In Raiders I, the California Supreme Court questioned whether this statute had any application to intangible property which, by its nature, has no permanent situs: “It is at least arguable that this section was intended to apply only to property which can and does have some situs, such as land and the rights related thereto. As the Raiders [acknowledge], an intangible right has no territorial ‘situs in fact.’ ” (Raiders I, supra, 32 Cal.3d at p. 74, 183 Cal.Rptr. 673, 646 P.2d 835.)
“[A]ssuming” the statute's applicability, the Supreme Court found that it appeared to be met on the record before it: “Oakland is the principal place of business of the partnership. It is the designated NFL–authorized site for the team's ‘home games.’ It is the primary locale of the team's tangible personal [i]ty.” Although the territorial restrictions had been satisfied “[p]rima facie,” the trial court was not prevented from concluding otherwise on appropriate factual record: “We readily acknowledge that there may be similar or additional factors which would be relevant in determining the appropriate scope of a city's power of condemnation.” (Id., at pp. 74–75, 183 Cal.Rptr. 673, 646 P.2d 835.)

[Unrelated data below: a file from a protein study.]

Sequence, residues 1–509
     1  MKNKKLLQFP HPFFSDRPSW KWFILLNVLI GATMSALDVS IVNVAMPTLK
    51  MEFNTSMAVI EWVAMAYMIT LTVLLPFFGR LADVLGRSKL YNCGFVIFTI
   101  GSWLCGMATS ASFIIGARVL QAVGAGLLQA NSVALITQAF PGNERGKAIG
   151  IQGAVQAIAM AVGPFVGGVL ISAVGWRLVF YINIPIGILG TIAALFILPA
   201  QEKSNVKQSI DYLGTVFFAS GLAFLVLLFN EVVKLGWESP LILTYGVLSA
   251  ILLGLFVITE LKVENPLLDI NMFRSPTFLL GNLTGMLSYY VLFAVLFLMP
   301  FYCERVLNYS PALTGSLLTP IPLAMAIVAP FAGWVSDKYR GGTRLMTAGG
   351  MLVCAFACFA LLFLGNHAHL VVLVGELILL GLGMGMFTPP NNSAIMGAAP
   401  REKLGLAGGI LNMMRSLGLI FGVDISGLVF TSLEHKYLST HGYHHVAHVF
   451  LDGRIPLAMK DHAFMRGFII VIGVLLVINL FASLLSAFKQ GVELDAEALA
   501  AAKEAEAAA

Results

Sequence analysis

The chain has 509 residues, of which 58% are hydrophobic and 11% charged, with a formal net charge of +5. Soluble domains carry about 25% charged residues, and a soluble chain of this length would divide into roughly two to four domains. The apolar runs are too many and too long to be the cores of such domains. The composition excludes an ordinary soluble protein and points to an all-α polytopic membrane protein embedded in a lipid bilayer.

On remand the trial court concluded that the territorial restrictions do apply to intangibles. Otherwise, in its view, “intangible property everywhere is a potential target of city condemnation”. The court next concluded that the territorial restrictions of section 1240.050 were not met because the property “cannot be said to be located entirely within the City boundaries.”
As did the Supreme Court, we severely question whether section 1240.050 has any applicability to property that has no situs such as the intangible property here. But we are not required to answer that question because viewing all of the evidence it can be determined as a matter of law that the only possible situs for the intangible property is the City of Oakland.